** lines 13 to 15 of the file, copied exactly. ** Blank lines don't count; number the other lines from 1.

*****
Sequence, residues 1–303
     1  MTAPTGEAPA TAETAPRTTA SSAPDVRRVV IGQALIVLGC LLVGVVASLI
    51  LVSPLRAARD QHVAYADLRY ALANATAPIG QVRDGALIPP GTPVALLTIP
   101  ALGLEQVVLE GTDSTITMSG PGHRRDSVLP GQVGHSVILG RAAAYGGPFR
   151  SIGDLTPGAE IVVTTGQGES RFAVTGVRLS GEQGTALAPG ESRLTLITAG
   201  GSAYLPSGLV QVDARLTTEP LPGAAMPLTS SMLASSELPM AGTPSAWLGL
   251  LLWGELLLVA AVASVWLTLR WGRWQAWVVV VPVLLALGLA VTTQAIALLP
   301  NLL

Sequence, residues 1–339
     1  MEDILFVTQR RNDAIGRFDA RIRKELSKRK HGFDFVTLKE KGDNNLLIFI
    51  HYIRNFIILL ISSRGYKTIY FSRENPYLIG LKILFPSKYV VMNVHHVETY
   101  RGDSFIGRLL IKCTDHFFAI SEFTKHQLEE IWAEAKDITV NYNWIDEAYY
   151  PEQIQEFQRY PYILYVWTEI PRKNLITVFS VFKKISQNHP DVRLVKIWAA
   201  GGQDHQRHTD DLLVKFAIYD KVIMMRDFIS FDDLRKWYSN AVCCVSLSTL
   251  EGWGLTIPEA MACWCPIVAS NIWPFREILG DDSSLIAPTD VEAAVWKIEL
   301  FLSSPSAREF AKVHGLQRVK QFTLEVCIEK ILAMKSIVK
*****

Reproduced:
   151  PEQIQEFQRY PYILYVWTEI PRKNLITVFS VFKKISQNHP DVRLVKIWAA
   201  GGQDHQRHTD DLLVKFAIYD KVIMMRDFIS FDDLRKWYSN AVCCVSLSTL
   251  EGWGLTIPEA MACWCPIVAS NIWPFREILG DDSSLIAPTD VEAAVWKIEL